I have grown plants in various climates and conditions, but I have never tried a vegetable garden before this year. Every time I explored a veggie garden in Florida, I ran into problems to solve. The Hillsborough County extension office provided loads of handouts to provide solutions to some of the problems, but planting and maintaining a vegetable garden still seemed daunting.
- A garden starts with good soil, but I knew I couldn’t use the backyard without bags and bags of topsoil and compost to add organic matter to the sandy soil. I knew that would be expensive.
- Starting a garden meant that a yard full of weeds had to be removed first. I had spent weeks clearing the front yard of weeds last summer and didn’t know how I was going to get all of the backyard done.
- I knew about nematodes, those round and unsegmented worms found just about everywhere, but 4 different types that infect and kill vegetables in Florida added another negative note to the countless insects and diseases that abound in the hot, humid climate.
In my online research, I found reference to the Square Foot Garden method for developing a raised bed. That was an “aha” moment for me. The concept is simple and starts with a garden box that is only 4 foot square and 6 inches deep. My “Iowa frame of mind” imagined a vast garden with long rows of vegetables. I had done enough yard work in the Florida summer heat last year to know that a large garden in the summer in Florida would be difficult to maintain. By reducing the size, it instantly became more manageable. I might end up with fewer vegetables, but that seems an acceptable compromise for a starter, experimental vegetable garden.
I had asked several people the needed depth for a raised bed garden. Did it need to be 8, 10, 12, 18 inches? I got various answers. Does it work to plant vegetables in only 6 inches of soil? That seems very shallow, but the comments from a number of gardeners on Twitter seem to say “yes” it works. I’m still waiting to see. Somethings are doing very well, some are not. I think I got the spinach and arugula in too late for the climate, so the fact that they didn’t do well probably has nothing to do with the garden method. Most plants are doing OK. I’m becoming aware that I need to water more often than I anticipated. The photo above shows the garden as I was starting to put in seedlings and seeds. As you can see in the photo, the plants are wilting. If I don’t keep an eye on them, that is a regular occurrence. That would have been true even if I had planted in the ground rather than in the raised box. In fact, the plants might have needed even more water since the soil is so sandy and porous.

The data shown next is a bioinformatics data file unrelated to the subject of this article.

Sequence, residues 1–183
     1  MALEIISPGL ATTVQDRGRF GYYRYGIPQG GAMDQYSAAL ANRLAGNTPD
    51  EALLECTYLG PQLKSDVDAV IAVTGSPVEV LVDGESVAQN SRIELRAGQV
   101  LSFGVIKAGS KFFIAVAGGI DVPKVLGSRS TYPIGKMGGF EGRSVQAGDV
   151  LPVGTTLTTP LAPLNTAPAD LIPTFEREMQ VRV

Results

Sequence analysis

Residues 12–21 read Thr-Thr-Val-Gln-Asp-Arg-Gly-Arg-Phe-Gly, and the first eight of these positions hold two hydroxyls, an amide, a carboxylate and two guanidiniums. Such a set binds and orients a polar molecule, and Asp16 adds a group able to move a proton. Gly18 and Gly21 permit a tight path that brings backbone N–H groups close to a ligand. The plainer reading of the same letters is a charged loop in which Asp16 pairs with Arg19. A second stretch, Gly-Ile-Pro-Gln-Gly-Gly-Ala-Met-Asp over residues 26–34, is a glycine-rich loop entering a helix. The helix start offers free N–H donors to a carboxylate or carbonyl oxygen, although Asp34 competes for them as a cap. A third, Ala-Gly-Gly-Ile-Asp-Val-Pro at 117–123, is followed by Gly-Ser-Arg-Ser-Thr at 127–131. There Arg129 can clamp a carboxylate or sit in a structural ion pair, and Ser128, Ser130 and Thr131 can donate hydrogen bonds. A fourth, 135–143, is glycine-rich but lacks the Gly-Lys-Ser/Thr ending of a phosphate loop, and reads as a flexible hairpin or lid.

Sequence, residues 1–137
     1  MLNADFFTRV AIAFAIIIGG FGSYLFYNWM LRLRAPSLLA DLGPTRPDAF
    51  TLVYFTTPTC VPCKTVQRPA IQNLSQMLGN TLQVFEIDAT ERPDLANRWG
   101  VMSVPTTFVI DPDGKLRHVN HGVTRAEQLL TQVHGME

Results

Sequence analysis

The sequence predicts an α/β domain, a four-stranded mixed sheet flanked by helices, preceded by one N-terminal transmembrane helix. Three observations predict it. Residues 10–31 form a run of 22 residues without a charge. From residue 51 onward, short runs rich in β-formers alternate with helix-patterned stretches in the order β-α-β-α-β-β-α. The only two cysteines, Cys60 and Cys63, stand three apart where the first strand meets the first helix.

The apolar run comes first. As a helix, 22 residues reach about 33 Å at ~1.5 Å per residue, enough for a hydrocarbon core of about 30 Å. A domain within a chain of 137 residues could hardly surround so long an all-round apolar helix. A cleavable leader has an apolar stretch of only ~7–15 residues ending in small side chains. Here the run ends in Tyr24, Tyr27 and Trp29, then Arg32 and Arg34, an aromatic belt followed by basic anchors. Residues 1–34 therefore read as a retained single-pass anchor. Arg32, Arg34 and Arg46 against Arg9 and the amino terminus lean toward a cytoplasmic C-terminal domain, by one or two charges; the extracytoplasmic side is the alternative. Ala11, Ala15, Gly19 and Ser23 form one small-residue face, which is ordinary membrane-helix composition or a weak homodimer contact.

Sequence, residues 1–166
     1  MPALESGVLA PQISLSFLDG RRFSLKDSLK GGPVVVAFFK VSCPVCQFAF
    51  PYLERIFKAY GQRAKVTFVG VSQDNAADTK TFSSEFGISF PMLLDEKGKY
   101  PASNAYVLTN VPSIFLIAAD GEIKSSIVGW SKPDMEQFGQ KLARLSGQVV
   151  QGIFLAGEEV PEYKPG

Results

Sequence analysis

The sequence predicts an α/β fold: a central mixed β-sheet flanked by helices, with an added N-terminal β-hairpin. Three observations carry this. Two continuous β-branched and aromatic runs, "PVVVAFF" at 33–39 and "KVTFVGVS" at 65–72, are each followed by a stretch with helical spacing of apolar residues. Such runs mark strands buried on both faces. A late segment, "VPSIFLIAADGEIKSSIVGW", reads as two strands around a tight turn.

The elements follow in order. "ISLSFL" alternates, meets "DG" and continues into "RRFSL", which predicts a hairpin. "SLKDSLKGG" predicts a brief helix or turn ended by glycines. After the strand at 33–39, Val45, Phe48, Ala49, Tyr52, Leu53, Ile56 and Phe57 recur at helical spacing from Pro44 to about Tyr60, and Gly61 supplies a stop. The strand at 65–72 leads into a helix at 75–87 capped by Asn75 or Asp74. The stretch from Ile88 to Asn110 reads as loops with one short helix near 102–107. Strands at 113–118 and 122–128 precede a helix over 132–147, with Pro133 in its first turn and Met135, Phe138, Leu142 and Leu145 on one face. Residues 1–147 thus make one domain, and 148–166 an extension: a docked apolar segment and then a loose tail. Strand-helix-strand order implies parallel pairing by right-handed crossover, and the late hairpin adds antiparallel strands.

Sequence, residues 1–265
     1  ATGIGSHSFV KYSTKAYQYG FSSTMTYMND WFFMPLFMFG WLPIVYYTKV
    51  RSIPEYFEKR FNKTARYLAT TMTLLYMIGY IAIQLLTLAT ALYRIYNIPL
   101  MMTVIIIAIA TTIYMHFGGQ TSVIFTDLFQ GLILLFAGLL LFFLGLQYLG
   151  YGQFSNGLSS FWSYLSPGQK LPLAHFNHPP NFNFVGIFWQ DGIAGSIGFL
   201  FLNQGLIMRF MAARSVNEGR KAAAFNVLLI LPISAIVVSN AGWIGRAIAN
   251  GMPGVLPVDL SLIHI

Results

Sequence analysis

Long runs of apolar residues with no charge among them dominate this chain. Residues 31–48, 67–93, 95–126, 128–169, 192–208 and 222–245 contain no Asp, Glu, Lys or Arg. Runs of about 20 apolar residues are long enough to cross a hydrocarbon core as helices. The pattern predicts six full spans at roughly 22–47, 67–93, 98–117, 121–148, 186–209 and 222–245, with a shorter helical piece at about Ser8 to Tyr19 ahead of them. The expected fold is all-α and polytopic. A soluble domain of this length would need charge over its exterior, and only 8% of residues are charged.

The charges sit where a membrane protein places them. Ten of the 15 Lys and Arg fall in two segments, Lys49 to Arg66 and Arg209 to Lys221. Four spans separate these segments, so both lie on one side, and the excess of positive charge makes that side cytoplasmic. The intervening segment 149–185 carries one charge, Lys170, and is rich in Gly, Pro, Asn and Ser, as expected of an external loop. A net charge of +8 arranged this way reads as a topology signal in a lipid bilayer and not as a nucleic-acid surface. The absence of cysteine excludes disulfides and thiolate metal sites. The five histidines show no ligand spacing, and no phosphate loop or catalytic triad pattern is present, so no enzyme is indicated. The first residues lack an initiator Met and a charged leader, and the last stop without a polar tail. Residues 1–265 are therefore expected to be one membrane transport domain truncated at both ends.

The box is sitting on weed mat, so in theory, the weeds and the nematodes will not get into the soil in the box from underneath. Insects and other pests and diseases are still a problem, but that just means keeping an eye on the plants to watch for problems, and that means keeping those extension office handouts close to diagnose problems as they appear.
The “soil” was the most expensive part of the garden. I described the soil mixture in the post, My Soil is Mel’s Mix. A 3 cubic feet bag of peat (sphagnum) moss cost $27.00. A 4 cubic foot bag of vermiculite cost $25.00. Prices varied on the different bags of compost. The recommended mix is 1/3 peat moss to 1/3 vermiculite to 1/3 compost. My husband built the box and the chicken-wire top to keep out the squirrels and raccoons. The total cost for the box and top was around $30.00. Both Lowes and Home Depot have boxes of the same size that can be put together for around $40.00 but they don’t have the squirrel top.
The box is sitting right beside the patio, so we are all participating in admiring the growth and the progress. We love our little 4-square foot garden.